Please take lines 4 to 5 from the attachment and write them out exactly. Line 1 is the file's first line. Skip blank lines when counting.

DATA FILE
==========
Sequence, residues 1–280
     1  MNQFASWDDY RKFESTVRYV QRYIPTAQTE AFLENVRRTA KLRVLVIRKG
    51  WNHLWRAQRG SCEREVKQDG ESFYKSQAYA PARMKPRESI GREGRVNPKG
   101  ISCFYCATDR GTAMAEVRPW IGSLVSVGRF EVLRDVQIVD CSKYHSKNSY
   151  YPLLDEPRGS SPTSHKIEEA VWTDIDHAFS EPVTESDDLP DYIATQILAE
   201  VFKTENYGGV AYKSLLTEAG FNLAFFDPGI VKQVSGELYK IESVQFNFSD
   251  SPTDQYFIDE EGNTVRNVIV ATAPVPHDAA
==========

   101  ISCFYCATDR GTAMAEVRPW IGSLVSVGRF EVLRDVQIVD CSKYHSKNSY
   151  YPLLDEPRGS SPTSHKIEEA VWTDIDHAFS EPVTESDDLP DYIATQILAE